Some Asian-American activists say the reason they have not confronted anti-Asian racism among blacks is because the tension does not exist on the national level, but is merely confined to some local areas. Karen Narasaki of the National Asian-Pacific American Legal Consortium claimed in a recent interview that black animosity is different in each city and ought to be handled differently in each case by local organizations. David Lee, executive director of one such local organization, the San Francisco Voters Education Committee, concurs: "There may be a few communities and a few areas where tensions exist—so it is better for community groups rather than a national organization like the Organization of Chinese Americans to deal with such problems."

Representatives of national Asian organizations also cite resource constraints to explain their quiescence. They say black-Asian clashes are not a serious enough national issue to expend scarce time and money on.

There is a difference, however, between not being able to expend effort and not wanting to. Asian activists on the national level also matter-of-factly justify black racism in inner cities as a direct result of competition between Asians and their black neighbors over limited economic resources. Narasaki, while acknowledging she is not an inner city expert, insists that many black and Asian conflicts "have to do with the lack of economic opportunities" in cities. Echoing this refrain, Stanley Mark, program director of the Asian American Legal Defense Fund, asserts that "we can’t talk about race without talking about economic disparities."

In this vein, Asian activists consistently mention that racial problems occur when Asian merchants move into predominantly black neighborhoods and flourish. The vicious year-long black boycott of a Korean store in Brooklyn in 1990, and the looting and burning of Korean stores in south-central Los Angeles during the 1992 Rodney King riots serve as shining examples of conflicts linked to economic disparities.

The excuse of economic disparities fails miserably to justify violence and harassment, however. For some observers, it also brings up memories of Nazi persecution of Jews, African attacks on Indian merchants, and recent murders, rapes, and robberies of ethnic Chinese in Indonesia. All of these atrocities were committed against people deemed economically well off by larger masses facing difficult times.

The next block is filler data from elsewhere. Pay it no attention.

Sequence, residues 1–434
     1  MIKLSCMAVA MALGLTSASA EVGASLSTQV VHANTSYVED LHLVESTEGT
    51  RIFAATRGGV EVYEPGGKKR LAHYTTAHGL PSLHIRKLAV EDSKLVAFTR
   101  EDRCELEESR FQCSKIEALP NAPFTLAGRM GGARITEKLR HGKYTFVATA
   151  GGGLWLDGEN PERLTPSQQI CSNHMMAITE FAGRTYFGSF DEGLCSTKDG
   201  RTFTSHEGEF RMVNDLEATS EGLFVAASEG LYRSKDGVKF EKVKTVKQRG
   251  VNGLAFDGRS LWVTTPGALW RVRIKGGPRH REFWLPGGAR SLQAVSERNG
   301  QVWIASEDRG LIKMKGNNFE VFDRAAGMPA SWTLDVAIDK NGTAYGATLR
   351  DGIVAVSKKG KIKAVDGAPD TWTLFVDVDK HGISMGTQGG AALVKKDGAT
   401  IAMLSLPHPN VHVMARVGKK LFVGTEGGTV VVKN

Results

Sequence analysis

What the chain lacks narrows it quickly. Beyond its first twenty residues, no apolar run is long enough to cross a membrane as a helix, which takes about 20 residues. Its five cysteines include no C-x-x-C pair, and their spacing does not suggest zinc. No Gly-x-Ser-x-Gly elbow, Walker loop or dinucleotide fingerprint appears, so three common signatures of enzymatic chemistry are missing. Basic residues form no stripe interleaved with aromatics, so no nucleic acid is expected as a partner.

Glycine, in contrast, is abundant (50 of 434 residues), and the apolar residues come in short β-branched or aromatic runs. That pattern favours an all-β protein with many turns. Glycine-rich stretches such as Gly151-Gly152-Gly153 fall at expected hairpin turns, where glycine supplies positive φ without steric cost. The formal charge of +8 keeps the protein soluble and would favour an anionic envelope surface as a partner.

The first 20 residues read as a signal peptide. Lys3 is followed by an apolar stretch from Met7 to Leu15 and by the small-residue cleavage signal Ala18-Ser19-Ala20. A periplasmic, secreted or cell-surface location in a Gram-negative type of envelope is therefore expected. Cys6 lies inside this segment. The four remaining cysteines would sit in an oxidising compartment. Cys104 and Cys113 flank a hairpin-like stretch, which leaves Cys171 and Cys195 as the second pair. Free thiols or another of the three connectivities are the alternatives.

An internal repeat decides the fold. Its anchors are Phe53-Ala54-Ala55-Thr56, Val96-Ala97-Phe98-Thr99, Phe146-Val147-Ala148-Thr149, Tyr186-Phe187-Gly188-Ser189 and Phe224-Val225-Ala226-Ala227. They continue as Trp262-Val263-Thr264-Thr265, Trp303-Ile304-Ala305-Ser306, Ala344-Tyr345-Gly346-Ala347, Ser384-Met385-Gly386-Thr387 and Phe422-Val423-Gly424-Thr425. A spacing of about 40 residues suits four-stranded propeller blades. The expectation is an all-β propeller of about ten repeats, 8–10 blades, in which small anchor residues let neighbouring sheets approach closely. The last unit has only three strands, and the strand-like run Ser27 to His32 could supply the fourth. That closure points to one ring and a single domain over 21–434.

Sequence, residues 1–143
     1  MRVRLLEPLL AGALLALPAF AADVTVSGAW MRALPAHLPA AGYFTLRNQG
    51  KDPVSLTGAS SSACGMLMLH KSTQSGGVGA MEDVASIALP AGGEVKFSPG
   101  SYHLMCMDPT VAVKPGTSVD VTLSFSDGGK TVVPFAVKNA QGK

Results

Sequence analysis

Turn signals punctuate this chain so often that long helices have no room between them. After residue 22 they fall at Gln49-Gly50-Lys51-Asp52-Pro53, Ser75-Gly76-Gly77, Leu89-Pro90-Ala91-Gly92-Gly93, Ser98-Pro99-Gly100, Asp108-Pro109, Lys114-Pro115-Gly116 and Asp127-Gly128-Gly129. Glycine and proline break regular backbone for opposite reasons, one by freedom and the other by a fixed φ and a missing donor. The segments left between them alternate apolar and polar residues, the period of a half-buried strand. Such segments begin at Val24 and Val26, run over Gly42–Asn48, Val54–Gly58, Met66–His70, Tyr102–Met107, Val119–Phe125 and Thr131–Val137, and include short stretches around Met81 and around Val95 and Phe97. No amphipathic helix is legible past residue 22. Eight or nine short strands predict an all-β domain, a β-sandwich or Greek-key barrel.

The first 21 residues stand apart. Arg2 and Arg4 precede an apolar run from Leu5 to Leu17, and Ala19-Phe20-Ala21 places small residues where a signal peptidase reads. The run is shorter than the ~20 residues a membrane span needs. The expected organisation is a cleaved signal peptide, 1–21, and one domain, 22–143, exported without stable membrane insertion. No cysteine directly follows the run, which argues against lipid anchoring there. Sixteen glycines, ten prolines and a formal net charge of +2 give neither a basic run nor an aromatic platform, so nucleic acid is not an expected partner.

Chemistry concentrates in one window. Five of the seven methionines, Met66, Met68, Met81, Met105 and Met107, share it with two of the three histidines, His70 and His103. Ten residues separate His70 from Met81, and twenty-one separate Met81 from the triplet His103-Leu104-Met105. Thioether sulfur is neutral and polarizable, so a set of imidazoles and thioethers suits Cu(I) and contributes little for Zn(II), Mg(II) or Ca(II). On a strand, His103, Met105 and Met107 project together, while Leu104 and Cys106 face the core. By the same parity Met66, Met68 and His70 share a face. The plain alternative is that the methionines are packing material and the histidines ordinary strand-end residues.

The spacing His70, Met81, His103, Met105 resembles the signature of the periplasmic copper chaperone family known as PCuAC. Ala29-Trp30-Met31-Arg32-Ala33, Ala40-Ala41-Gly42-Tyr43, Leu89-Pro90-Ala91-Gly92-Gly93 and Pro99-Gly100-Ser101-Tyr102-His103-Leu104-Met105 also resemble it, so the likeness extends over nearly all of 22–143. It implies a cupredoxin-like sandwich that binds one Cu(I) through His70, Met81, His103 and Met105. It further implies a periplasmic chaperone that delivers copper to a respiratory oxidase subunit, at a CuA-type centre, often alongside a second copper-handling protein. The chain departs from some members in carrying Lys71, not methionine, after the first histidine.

In any case, the economic disparities rationale falls apart in the many instances where racism flourishes in the absence of class differences. At San Francisco’s Hunter’s Point public housing complex, for instance, low-income Southeast Asian residents, who are in the minority, have consistently encountered racial harassment from their black neighbors. Racial slurs, physical threats, violence, and destruction of property have festered for years. Philip Nguyen of the Southeast Asian Community Center, who has worked on the case for years, notes that there are no economic differences between the Asian and black families in the complex. The Asians, he says, are very quiet and have made every effort to befriend the black residents, yet serious friction has persisted for ten years.

Joe Hicks, executive director of the Los Angeles City Human Relations Commission, painstakingly tried to bring blacks and Asians together after the Rodney King riots. He believes that "much of the hostilities are due to blacks’ jealousy of Asian economic success, a sense of alienation, and the self-perpetuating belief that blacks will always lose out in the racial equation in America." He adds that "certainly economics gives a basis to many of the problems," but asserts that "even if tomorrow we can have a level playing field for both racial groups, we would still have animosity and racial strife" because prejudices would still remain.